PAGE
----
There is no question that President Xi Jinping and his government would have been outraged by protesters storming the Hong Kong legislature on July 1. The 22nd anniversary of the city’s return to Chinese control should have been a day of celebration for China, but instead it was the focus of the world’s media for all the wrong reasons.

Later this year, the Communist Party of China will celebrate its 70th year in power. Over the decades the CPC has proved itself to be remarkably adaptable, a characteristic that has enabled it to avoid the fate of its Leninist counterparts that were toppled in the revolutions following 1989.

Since Xi came to office, he has strengthened the party’s grip over China, and Hong Kong has been no exception.

I agree wholeheartedly with retired Singaporean diplomat Bilahari Kausikan that the protests in Hong Kong achieved nothing, and while the protesters were undoubtedly brave and idealistic, their efforts will prove to have been in vain. Don’t be fooled by the latest video of Cantonese pop star Denise Ho, who slammed China in a United Nations Human Rights Council meeting. While it made for good publicity and dented China’s international image, it will bring about no change on the ground.

Thanks to its massive economic and military might, China can easily withstand any pressures from abroad. None of the world’s major powers will risk jeopardizing their relationship with China over Hong Kong, for while the former British colony is a core interest for China, to the rest of the world it is a minor consideration.

While the US and UK have made statements of support for the protesters, they have failed to back their words with actions. Hong Kong is a politically expedient tool picked up once in a while to apply pressure upon China. The US has already toned down its support of protests in the hope of a resumption in trade talks, clearly prioritizing its economic interests ahead of what is happening on the streets of Hong Kong.

Protesters in Hong Kong must discard any illusions that the West will meaningfully embrace their cause.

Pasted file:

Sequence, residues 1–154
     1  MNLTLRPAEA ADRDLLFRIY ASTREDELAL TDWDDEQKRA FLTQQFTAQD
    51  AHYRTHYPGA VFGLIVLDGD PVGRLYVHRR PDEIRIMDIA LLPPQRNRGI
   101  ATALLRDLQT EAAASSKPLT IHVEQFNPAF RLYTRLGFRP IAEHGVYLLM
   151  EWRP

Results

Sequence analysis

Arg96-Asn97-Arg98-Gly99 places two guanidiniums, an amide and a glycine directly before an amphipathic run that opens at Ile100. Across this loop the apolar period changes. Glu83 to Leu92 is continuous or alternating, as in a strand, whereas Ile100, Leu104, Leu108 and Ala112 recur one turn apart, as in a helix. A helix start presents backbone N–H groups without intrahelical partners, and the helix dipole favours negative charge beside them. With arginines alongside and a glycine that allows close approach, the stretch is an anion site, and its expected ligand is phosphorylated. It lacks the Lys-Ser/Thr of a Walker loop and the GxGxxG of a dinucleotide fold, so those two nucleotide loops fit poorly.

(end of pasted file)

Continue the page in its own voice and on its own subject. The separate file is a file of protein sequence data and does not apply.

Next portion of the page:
Although they have succeeded in killing the much-hated extradition bill that was the inspiration for early protests, continuing unrest has done nothing to weaken Beijing’s control over its southern financial capital. On the contrary, in light of what it doubtless perceives to be a huge challenge to its unbreakable authority, Beijing will now be even more determined to tighten its grip on Hong Kong.

Solving the city-state’s deep-rooted and multi-faceted problems will demand compromises and wisdom from all parties involved.

Considering the extent of reform that is required to the Hong Kong system of “one country, two systems,” the irony is that much-derided Beijing is the only party capable of saving Hong Kong and ensuring the continued longevity of that system.

The Hong Kong political system has repeatedly proven not to be up to the task of updating and reforming itself. External intervention is needed to institute reforms to keep it on a sustainable path. Beijing has set precedents in the past, for example in 1999 when the Hong Kong Court of Final Appeal ruled that all children born of permanent residents, no matter when they were born, had the right of abode in Hong Kong. The ruling caused anxiety in Hong Kong over the fear of an influx of mainlanders. China reacted issuing a reinterpretation of the Basic Law that in essence overturned the court ruling.

Desperate times call for desperate measures. This goes for Beijing, too.

Long-running protests have put China under a harsh spotlight that almost certainly has hardliners in Beijing advocating stern measures against the protesters.

But instead of using force, Beijing should take the high ground and exercise its sweeping power to institute reform in Hong Kong.

First, China should revise its 2004 interpretation of the Basic Law on the election of the territory’s chief executive. Currently, amendments to election methods must be passed by Hong Kong’s Legislative Council before being approved by the Standing Committee of the National People’s Congress (NPCSC). China should reinterpret this to make amendments to election methods require approval by the NPCSC followed by being implemented by the Hong Kong government. This would mean that the Hong Kong Legislative Council would debate and discuss changes to the way it elects a chief executive as instructed by Beijing.

Giving the people of Hong Kong a chance to vote regardless of the fact that the candidates will still have to be pre-vetted by Beijing will help China douse the growing sense of anger among Hongkongers and avoid fueling the more impassioned fringe elements of the pro-democracy camp.

Hong Kong’s wealth gap is one of the most extreme in the world and has become the single biggest threat to social stability. Hong Kong is a perfect example of unbridled capitalism leading to devastating consequences for those who fall through the cracks.

Beijing should exercise its influence by pushing for reforms to break up the property stranglehold held by a few powerful families in the city. Housing has become out of reach for many Hongkongers and it is this desperation that has driven so many to lose faith in the “one country, two systems” policy.

If China wants to integrate Hong Kong and win the respect and support of the next generation, it must take drastic action to improve the livelihoods of young people, to remove the cloud of economic despair that currently hangs over young Hongkongers.

China should also be prepared to extend the 2047 deadline for the end of “one country, two systems”; this will help curb separatist momentum and dampen calls for independence.

A new social order is needed in Hong Kong, Only Beijing is in a position to make the changes to make that happen.